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Providing hearing – the cochlear-implant for the hard at hearing

A child with a Cochlea implant. Photo (unchanged): Ryan Poole
A child with a Cochlea implant. Photo (unchanged): Ryan Poole

According to the University Hospital of Texas Medical Center, 324,000 people who were suffering from severe hearing problems, profited from cochlear implants in 2012. The German Cochlear Implant Society reported that they have made around 30,000 implants in Germany. They are also known as inner ear implants and are electrical stimulation devices for the hearing auger (Latin cochlea). The implants are surgically inserted into the skull of the patients and are connected to a hearing aid worn on the outside of the skull. The electrical pulse generator replaces the functionally disturbed hair cell receptors in the inner ear, and the cochlea transmits the impulses to the brain areas that are responsible for the processing of hearing signals.

These implants, which in many cases provide babies that were deaf with the ability to hear and speak, were developed in experiments with cats and guinea pigs. Cats were the main model because on the one hand, they are equipped with particularly sensitive that hearing senses and on the other hand, they have a hearing system is anatomically very similar to that of humans. The necessity for cats and guinea pigs in this model came about because their frequency range is similar to that of humans. The experiments proved that the electrical stimulation of the auditory nerve works and the connected brain regions are able to reorganize themselves through the stimulation. The detailed understanding of the structure and function of the hearing auger is also based on basic research in animal experiments.

A direct stimulation of the human auditory nerve with electrical signals was for the first time achieved in 1957 by the scientists André Djourno and Charles Eyriès in Paris. In as early as 1964, Dr. F. Blair Simmons attempted an operation with a human volunteer, but encountered problems and continued to work on animal experiments to define among other things, the surgical approach and the ideal number of electrodes.

Thanks to the animal experiments findings, the first two multichannel processors were implanted in humans at the end of the 1970s. This enabled patients to understand the spoken language for the first time. In the middle of the 1980s the doctors Ernst Lehnhardt and Roland Laszig brought the cochlear implant to Germany for everyday use. The first child to receive the implant was a girl in 1986. Nowadays, the operation is a low-risk routine intervention and is easy to perform, even on infants. The implant can help to teach speech comprehension to children that were born deaf (according to the "Focus", approximately 3 out of 1000 children are born with such severe hearing problems).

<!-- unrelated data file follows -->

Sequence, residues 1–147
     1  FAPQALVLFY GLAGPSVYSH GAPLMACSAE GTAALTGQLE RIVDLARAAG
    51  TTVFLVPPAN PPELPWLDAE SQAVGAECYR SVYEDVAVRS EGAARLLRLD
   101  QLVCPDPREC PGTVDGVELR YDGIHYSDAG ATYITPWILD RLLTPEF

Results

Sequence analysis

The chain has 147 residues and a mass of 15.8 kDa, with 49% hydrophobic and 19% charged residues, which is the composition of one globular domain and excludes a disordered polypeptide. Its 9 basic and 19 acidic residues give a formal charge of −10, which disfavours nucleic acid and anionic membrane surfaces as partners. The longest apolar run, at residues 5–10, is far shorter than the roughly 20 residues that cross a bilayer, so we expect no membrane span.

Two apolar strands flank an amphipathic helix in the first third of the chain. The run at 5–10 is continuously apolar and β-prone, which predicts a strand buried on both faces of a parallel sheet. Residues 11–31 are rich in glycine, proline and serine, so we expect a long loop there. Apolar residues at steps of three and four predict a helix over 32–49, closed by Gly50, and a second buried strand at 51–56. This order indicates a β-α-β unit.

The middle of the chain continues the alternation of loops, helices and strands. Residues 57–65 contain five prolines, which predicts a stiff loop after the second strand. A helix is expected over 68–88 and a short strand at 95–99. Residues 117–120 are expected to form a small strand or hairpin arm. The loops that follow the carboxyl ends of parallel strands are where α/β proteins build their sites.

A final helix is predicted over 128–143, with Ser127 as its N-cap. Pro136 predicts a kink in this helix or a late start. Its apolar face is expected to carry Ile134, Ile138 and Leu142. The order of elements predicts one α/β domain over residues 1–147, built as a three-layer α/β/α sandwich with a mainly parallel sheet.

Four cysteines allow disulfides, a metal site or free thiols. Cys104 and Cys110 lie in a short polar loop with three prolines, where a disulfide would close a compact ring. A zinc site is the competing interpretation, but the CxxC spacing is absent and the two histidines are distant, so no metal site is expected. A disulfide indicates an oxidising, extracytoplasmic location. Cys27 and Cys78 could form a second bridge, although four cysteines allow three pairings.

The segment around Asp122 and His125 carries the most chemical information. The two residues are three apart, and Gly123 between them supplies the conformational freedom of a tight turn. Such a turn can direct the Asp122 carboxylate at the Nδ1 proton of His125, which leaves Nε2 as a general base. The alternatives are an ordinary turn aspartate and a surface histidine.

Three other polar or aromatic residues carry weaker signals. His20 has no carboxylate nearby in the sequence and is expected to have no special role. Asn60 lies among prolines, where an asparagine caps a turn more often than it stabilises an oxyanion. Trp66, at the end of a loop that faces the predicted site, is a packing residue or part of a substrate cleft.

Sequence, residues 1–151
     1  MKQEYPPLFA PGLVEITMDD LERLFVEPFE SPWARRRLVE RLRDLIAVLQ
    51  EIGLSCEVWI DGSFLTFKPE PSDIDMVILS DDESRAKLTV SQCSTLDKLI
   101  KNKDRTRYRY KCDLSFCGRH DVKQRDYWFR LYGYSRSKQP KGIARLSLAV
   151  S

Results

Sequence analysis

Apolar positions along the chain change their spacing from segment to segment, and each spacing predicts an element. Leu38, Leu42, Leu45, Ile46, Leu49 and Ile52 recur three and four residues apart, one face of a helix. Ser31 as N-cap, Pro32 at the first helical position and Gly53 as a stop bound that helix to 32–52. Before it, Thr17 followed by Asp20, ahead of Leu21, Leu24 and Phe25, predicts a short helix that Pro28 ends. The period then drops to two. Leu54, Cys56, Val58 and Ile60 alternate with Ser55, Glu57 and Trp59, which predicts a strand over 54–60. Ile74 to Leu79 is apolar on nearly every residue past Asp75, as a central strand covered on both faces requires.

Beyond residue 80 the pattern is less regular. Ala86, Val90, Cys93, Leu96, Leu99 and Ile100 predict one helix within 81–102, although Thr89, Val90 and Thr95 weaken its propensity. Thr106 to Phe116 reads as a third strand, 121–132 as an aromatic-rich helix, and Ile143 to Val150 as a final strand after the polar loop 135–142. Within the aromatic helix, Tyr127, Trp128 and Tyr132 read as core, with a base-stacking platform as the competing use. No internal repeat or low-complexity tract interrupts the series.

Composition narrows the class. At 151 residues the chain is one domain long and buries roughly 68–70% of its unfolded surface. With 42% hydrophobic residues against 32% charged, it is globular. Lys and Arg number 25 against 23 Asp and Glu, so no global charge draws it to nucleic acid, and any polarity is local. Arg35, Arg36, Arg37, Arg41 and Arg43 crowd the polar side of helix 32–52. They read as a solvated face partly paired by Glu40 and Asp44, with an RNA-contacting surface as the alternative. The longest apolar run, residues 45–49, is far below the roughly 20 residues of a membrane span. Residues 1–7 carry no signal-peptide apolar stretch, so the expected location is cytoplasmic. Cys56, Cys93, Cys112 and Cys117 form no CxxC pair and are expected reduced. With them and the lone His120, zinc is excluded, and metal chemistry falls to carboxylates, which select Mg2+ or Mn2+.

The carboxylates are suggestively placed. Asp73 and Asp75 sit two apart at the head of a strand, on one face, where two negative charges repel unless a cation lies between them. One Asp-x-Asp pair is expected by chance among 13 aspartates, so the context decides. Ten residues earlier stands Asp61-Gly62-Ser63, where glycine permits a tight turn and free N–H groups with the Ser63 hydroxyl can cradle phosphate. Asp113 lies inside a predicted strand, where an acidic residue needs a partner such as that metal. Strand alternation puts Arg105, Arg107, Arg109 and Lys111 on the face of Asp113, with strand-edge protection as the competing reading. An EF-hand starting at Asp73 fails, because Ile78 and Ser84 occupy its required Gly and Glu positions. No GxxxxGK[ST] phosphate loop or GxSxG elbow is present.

This video explains how a cochlear implant works.

With optical stimulation to more quality in hearing

A contemporary cochlear implant. In the upper left part is the part that is inserted into the hearing aid. Photo: Christian Kiel
A contemporary cochlear implant. In the upper left part is the part that is inserted into the hearing aid. Photo: Christian Kiel

There are limitations to the development of the electrical stimulation of the hearing aid: The electrode contacts of the implant in the saline solution of the hearing aid, spread a current to address the nerve cells, this means that patients cannot hear exact frequencies accurately. Result: The patients have problems distinguishing different sound pitches, have difficulty listening to melodies and listening to speech through noise.

Neurological adaptation to the perception and an intensive, long-lasting hearing after the operation can somewhat reduce the problems, but not fix them. The head of the InnerEarLab at the University of Göttingen and a Research Group at the DPZ, Tobias Moser wants to tackle the problem with a focus on irritation of the nerve cells through optical stimuli. This form of research is called "optogenetics". The cells, that will be visually irritated, must first be "rebuilt" genetically. In this area of research, animal experiments with primates are also necessary.

In preliminary experiments on rodents, the team of Tobias Moser has succeeded to irritate the sense of hearing through light signals instead of electric current. He will now set his research forth with common marmosets (Callithrix jacchus): on the one hand, it must be checked whether the genetic modification of neurons is safe for primates, on the other hand, the communication methods of monkeys are similar to that of humans and therefore a comparison of the effectiveness of both implants is only possible with this model.